One of my big missions is to inspire single women (in particular, but not exclusively) to identify and develop their unique gifts within the church. But I already hear a lot of single women asking, "What if I don't have a gift?"
Actually, you do. You've just bought into an incorrect definition of "gift." The real definition is super simple.
I don't think the answer to the invisibility and struggle of singleness is focusing on the singleness. Yes, we need to affirm the real-life difficulties of singleness. Yes, we need to be more inclusive of singles in church activities. But even while we do that, we're highlighting that singleness is Different and Separate from "the rest of the church." So Different and Separate that we need to be extra thoughtful to include them.
The real way to affirm the singles? Recognize their gifts in the church.
I was recently sharing coffee with two lovely ladies, one of whom was single, and she mentioned that she had found herself unexpectedly sharing relationship advice with a friend whose marriage was struggling. "I don't know why I feel I was qualified to share my opinion on what she should do. I've never even been on a date!"
Yet, when the other (married) woman and I heard what this single woman had given as advice to her married friend, we both agreed that her insight was Biblically and practically sound.
The sad part is, society says--and so many single women believe--that singles are "unqualified" to give relationship advice to their attached or married friends.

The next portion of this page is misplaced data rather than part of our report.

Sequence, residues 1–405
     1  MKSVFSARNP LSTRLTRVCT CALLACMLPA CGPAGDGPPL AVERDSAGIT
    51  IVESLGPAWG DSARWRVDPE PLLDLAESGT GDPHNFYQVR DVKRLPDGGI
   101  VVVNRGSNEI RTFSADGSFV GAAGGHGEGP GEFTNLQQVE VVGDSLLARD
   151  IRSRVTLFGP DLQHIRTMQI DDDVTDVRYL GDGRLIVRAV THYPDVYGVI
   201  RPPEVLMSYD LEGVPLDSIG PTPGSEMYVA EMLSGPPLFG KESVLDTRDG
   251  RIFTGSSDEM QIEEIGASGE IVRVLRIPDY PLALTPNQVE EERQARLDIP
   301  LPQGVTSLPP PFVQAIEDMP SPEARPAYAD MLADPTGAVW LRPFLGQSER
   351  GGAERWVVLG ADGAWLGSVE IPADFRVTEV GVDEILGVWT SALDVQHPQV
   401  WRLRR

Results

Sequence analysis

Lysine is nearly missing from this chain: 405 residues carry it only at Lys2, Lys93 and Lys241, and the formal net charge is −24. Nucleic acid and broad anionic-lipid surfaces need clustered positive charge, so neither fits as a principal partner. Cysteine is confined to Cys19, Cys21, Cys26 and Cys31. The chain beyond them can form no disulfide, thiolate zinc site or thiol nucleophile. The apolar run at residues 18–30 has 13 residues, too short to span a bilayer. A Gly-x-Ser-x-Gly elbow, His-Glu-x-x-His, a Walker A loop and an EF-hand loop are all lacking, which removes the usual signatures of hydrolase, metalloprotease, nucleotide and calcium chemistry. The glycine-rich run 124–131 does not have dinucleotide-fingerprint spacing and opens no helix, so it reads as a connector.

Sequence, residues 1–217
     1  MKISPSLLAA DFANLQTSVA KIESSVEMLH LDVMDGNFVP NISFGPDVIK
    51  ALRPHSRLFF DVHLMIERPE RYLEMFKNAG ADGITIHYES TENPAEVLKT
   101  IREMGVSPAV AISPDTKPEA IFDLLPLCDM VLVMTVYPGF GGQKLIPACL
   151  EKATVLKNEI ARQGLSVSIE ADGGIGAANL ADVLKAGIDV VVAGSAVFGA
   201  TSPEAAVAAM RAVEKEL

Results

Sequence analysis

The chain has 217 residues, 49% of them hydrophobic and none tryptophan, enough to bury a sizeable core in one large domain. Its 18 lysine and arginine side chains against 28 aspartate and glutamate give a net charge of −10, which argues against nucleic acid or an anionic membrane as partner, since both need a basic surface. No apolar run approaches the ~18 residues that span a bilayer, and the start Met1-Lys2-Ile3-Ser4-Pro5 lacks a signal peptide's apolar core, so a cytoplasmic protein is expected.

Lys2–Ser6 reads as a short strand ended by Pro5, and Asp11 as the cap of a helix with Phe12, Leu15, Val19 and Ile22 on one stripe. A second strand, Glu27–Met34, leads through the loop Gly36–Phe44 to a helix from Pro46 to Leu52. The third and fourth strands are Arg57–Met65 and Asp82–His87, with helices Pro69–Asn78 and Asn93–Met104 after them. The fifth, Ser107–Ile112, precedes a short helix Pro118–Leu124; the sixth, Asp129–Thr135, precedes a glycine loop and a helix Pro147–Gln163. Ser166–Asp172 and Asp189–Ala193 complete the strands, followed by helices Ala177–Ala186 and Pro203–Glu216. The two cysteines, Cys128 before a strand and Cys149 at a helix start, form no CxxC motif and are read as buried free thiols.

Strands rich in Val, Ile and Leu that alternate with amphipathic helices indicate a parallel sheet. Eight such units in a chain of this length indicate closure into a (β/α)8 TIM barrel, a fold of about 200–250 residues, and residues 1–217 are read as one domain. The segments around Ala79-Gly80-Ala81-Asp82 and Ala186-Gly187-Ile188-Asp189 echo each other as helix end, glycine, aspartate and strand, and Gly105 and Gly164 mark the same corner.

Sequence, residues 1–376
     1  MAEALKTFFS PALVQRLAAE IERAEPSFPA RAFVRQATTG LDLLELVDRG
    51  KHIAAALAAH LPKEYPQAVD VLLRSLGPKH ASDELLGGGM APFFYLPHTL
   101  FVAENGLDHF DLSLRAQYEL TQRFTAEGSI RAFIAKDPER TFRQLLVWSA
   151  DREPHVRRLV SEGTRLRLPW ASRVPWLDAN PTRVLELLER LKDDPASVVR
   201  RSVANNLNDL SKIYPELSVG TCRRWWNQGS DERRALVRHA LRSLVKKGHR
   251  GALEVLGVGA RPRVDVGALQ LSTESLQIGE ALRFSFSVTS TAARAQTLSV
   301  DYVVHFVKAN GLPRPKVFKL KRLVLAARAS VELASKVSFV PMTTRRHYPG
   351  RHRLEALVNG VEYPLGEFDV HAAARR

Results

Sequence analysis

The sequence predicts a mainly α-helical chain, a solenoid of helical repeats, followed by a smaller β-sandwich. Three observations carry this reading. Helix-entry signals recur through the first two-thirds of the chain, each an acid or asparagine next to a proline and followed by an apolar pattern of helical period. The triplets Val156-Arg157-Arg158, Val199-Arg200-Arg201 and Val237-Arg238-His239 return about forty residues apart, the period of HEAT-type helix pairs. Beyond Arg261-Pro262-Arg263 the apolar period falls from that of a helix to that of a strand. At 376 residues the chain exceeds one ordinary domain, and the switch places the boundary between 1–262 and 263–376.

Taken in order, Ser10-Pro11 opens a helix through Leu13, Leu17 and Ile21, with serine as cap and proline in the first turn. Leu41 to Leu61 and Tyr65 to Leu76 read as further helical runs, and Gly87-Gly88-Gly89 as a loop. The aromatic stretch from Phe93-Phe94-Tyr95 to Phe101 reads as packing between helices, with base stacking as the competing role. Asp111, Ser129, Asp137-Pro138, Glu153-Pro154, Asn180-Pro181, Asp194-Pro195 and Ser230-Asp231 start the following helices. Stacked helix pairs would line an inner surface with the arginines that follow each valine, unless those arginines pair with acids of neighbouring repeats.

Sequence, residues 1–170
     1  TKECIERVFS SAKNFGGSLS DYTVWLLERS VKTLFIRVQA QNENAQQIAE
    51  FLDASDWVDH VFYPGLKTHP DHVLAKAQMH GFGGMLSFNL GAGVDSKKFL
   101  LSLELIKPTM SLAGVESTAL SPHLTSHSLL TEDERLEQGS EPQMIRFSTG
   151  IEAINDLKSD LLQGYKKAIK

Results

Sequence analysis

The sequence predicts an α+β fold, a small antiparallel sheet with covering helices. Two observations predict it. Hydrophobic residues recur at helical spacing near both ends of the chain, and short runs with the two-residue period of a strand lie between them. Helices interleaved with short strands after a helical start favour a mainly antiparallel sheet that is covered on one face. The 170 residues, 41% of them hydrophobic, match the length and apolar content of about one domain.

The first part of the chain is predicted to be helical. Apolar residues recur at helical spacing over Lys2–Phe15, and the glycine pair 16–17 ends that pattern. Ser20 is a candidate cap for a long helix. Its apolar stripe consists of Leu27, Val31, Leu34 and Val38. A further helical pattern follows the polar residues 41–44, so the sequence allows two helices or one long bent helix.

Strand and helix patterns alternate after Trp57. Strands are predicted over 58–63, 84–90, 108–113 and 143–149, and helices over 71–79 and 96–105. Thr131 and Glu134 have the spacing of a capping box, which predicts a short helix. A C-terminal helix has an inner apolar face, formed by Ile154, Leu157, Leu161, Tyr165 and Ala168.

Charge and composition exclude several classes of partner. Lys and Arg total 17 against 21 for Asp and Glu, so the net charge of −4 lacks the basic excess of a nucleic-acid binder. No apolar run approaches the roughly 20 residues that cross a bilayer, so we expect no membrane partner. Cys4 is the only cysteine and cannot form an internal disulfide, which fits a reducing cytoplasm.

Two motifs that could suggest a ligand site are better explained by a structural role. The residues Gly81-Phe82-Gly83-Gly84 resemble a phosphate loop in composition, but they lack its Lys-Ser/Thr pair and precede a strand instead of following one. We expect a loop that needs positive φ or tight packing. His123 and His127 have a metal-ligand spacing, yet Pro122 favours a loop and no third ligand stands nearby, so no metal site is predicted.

I utterly reject this lie. Here's why.
Taking a quick break from my Incredible Journey posts, I'd like to highlight a meditation that has recurred often for me recently...
Is marriage a distraction from whole-hearted devotion?
When I was single, I often struggled with a disturbing fear: that my future marriage would distract me from true, single-minded devotion to God. That was always very concerning to me, even though I vaguely understood that having a husband would likely consume much of my time and--let's face it--my affection.
If you're a married woman, here's a great list for including your "single sisters" in your life. If you're single, share shamelessly with your friends! They will enjoy knowing better how to bless you.
My Bargain With God
When I realized that my singleness was going to last years longer than I anticipated, I made a bargain with God.
“For as long as I am single, I desire only this: Let my singleness be more productive and glorifying to You than if I were married. Only let me marry when my marriage will serve You better.”
It sounded spiritual, but it was really a cry of desperation. If I can’t be married and fulfill my greatest desire, I want to know that my singleness is worth something. I’m so terrified of wasting my life.
“You know, despite everything that’s happened, I still really love my life.”
These words came from a woman with whom I had just spent several hours discussing some intense situations in her life, situations that trigger thoughts like, “How did the world get so messed up?” and responses like “I don’t know what to do but pray for you.”
I knew far too well that she struggled with deep emotional pain, but she knew to Whom she could go to find healing and rest. And somewhere, in the midst of all the chaos, she still loved her life.
Single women and married women tend to move in different circles. The married women want to chat about their husbands and their babies with each other, and the single women form their own cliques around hobbies, school, ministries, or the single lifestyle itself.
I think that’s wrong.
Just. Plain. Wrong.
None of my life has gone the way it was "supposed to go," but I don't love my life any less because of the hardships and new directions. I see so much unexpected good in it, and I want others to see the good in theirs.